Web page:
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REVELATION OF ST. JOHN THE DIVINE - Chapter 9 - Verse 7

Verse 7. And the shapes of the locusts were like unto horses prepared for battle. The resemblance between the locust and the horse, dissimilar as they are in most respects, has been often remarked. Dr. Robinson (Bib. Research. i. 59) says, "We found to-day upon the shrubs an insect, either a species of black locust, or much resembling them, which our Bedouin called Faras el Jundy, 'soldiers' horses.' They said these insects were common on Mount Sinai, of a green colour, and were found on dead trees, but did them no injury." The editor of the Pictorial Bible makes the following remarks: "The first time we saw locusts browsing with their wings closed, the idea of comparing them to horses arose spontaneously to our minds—as we had not previously met with such a comparison, and did not at that time advert to the present text, [Joe 2:4.] The resemblance in the head first struck our attention, and this notion, having once arisen, other analogies were found or imagined in its general appearance and action in feeding. We have since found the observation very common. The Italians, indeed, from this resemblance, call the locust cavaletta, or little horse. Sir W. Ouseley reports, 'Zakaria Cazvini divides the locusts into two classes, like horsemen and footmen—mounted and pedestrian.' Niebuhr says that he heard from a Bedouin, near Bussorah, a particular comparison of the locust to other animals; but as this passage of Scripture did not occur to him at the time, he thought it a mere fancy of the Arab's, till he heard it repeated at Bagdad. He compared the head of the locust to that of the horse; the feet to those of the camel; the belly with that of a serpent; the tail with that of a scorpion; and the feelers (if Niebuhr remembered rightly) to the hair of a virgin."—Pict. Bib. on Joel 2:4. The resemblance to horses would naturally suggest the idea of cavalry, as being referred to by the symbol.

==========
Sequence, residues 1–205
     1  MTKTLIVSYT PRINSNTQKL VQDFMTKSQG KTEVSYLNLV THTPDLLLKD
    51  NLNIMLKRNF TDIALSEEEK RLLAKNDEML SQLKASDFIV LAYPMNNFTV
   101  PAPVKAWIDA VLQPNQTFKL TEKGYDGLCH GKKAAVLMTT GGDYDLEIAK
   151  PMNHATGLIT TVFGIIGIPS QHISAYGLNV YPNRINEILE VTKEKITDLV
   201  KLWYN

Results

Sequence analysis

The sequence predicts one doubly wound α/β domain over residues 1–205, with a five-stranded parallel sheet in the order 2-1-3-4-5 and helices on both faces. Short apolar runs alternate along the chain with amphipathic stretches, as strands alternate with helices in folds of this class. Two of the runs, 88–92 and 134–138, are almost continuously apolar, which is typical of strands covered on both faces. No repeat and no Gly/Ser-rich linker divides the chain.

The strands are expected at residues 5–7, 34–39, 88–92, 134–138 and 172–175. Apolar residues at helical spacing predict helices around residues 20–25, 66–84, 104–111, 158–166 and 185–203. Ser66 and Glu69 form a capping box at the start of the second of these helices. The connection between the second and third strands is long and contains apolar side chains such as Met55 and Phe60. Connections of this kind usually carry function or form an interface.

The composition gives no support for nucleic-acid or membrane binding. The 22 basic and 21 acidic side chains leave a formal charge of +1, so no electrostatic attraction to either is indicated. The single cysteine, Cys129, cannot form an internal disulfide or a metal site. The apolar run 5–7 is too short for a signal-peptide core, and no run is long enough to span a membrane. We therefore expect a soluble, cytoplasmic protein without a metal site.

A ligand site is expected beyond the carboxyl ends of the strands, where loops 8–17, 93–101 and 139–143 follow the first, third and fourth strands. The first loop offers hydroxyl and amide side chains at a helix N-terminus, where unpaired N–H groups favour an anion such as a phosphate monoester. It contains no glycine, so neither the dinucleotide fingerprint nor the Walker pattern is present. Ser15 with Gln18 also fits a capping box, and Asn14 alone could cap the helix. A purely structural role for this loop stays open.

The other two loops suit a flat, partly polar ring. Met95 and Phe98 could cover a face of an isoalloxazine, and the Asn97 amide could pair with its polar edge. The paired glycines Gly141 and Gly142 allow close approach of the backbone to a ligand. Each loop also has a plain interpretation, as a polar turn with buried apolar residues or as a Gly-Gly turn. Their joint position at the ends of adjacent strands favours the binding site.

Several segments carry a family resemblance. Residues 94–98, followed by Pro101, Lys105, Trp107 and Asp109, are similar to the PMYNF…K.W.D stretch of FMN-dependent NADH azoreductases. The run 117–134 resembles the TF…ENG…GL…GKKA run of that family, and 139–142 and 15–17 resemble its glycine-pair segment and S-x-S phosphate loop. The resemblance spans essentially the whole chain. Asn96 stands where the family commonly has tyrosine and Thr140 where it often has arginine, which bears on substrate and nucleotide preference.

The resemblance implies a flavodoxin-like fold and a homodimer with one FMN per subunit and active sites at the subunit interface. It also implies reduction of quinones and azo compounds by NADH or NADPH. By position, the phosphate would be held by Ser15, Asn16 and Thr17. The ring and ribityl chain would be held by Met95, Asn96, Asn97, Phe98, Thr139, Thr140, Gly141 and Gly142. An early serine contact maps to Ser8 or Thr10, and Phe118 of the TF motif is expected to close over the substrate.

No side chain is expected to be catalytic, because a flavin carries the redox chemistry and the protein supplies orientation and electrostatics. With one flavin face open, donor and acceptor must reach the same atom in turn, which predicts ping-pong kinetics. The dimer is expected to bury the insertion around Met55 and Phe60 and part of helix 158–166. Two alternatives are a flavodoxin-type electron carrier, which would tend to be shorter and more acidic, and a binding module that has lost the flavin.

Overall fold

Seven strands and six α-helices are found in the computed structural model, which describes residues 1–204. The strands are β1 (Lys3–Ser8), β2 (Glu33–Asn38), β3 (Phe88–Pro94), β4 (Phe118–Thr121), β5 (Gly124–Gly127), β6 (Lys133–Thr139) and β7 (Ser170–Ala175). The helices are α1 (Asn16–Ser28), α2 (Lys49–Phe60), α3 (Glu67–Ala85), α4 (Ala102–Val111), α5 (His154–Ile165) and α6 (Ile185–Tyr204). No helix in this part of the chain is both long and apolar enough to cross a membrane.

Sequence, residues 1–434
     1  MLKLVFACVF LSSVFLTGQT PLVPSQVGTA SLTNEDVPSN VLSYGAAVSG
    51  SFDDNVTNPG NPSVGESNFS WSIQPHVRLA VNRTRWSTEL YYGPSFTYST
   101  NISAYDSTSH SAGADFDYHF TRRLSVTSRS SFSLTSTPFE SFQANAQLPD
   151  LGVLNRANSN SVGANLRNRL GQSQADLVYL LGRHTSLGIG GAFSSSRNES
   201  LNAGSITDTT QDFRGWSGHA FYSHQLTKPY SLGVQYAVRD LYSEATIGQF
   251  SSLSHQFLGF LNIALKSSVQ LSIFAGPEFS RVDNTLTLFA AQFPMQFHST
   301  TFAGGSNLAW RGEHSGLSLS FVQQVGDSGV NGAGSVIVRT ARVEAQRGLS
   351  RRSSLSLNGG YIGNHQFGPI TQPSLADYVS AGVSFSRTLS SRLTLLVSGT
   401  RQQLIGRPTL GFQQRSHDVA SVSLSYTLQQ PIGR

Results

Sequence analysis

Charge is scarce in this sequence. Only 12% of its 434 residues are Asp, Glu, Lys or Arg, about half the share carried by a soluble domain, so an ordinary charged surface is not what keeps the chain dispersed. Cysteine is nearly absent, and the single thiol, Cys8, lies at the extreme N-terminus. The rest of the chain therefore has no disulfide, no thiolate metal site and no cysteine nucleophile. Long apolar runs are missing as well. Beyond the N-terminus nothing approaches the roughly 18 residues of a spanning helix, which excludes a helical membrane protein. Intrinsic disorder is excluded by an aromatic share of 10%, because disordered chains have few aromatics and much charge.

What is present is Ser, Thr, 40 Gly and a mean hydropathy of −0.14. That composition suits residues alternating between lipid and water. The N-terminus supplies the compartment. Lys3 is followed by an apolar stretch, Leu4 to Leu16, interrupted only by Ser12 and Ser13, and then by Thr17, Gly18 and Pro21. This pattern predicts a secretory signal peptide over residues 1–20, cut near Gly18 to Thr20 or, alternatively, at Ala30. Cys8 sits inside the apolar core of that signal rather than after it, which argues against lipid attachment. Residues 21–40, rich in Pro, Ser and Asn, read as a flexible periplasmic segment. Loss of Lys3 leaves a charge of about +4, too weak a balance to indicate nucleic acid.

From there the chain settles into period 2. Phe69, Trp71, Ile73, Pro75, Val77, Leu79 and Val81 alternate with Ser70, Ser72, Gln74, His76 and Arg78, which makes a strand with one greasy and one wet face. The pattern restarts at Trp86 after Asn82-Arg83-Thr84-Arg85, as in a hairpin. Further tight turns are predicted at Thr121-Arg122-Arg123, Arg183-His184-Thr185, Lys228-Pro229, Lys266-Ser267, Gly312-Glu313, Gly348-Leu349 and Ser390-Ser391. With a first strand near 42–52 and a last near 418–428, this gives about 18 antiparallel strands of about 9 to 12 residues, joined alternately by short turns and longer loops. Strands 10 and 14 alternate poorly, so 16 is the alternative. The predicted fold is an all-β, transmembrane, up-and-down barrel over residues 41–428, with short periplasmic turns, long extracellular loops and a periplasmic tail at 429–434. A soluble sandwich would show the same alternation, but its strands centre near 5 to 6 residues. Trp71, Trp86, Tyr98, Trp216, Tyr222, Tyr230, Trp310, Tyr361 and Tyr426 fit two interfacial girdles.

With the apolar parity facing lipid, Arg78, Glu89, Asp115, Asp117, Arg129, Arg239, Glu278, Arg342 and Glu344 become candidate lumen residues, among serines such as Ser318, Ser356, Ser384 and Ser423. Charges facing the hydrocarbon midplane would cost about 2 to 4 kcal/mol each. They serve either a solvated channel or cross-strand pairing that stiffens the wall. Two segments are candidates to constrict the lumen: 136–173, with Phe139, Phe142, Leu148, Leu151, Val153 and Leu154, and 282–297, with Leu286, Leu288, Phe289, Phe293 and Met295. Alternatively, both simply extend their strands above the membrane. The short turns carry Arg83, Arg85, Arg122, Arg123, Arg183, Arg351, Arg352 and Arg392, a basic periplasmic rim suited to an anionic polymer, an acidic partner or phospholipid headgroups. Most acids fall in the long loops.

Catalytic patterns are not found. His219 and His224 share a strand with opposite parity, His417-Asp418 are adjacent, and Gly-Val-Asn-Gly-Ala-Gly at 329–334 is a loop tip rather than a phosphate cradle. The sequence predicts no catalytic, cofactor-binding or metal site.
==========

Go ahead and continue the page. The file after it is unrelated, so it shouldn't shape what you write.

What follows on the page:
And on their heads were as it were crowns like gold. The writer does not say either that these were literally crowns, or that they were actually made of gold. They were "as it were" (wv) crowns, and they were like (omoioi) gold. That is, as seen by him, they had a resemblance to crowns or diadems, and they also resembled gold in their colour and brilliancy. The word crownstefanov—means properly a circlet, chaplet, encircling the head,

(a) as an emblem of royal dignity, and as worn by kings;

(b) as conferred on victors in the public games—a chaplet, a wreath;

(c) as an ornament, honour, or glory, Php 4:1. No particular shape is designated by the word stefanovstephanos—and perhaps the word crown does not quite express the meaning. The word diadem would come nearer to it. The true notion in the word is that of something that is passed around the head, and that encircles it, and as such it would well describe the appearance of a turban as seen at a distance. On the supposition that the symbolic beings here referred to had turbans on their heads, and on the supposition that something was referred to which was not much worn in the time of John, and, therefore, that had no name, the word stephanos, or diadem, would be likely to be used in describing it. This, too, would accord with the use of the phrase "as it were"—wv. The writer saw such head-ornaments as he was unaccustomed to see. They were not exactly crowns or diadems, but they had a resemblance to them, and he therefore uses this language: "and on their heads were as it were crowns." Suppose that these were turbans, and that they were not in common use in the time of John, and that they had, therefore, no name, would not this be the exact language which he would use in describing them? The same remarks may be made respecting the other expression.

Like gold. They were not pure gold; but they had a resemblance to it. Would not a yellow turban correspond with all that is said in this description?

And their faces were as the faces of men. They had a human countenance. This would indicate that, after all, they were human beings that the symbol described, though they had come up from the bottomless pit. Horsemen, in strange apparel, with a strange head-dress, would be all that would be properly denoted by this.

{b} "shapes" Joe 2:4

{c} "crowns" Na 3:17 {d} "faces" Da 7:4,8

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